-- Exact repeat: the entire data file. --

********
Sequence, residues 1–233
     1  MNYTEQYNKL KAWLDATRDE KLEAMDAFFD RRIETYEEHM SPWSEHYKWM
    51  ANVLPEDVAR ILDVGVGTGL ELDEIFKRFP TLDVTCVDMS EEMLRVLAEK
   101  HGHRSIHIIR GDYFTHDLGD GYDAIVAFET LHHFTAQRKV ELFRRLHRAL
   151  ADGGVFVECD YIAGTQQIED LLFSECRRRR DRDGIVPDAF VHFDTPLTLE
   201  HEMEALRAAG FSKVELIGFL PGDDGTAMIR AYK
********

Sequence, residues 1–233
     1  MNYTEQYNKL KAWLDATRDE KLEAMDAFFD RRIETYEEHM SPWSEHYKWM
    51  ANVLPEDVAR ILDVGVGTGL ELDEIFKRFP TLDVTCVDMS EEMLRVLAEK
   101  HGHRSIHIIR GDYFTHDLGD GYDAIVAFET LHHFTAQRKV ELFRRLHRAL
   151  ADGGVFVECD YIAGTQQIED LLFSECRRRR DRDGIVPDAF VHFDTPLTLE
   201  HEMEALRAAG FSKVELIGFL PGDDGTAMIR AYK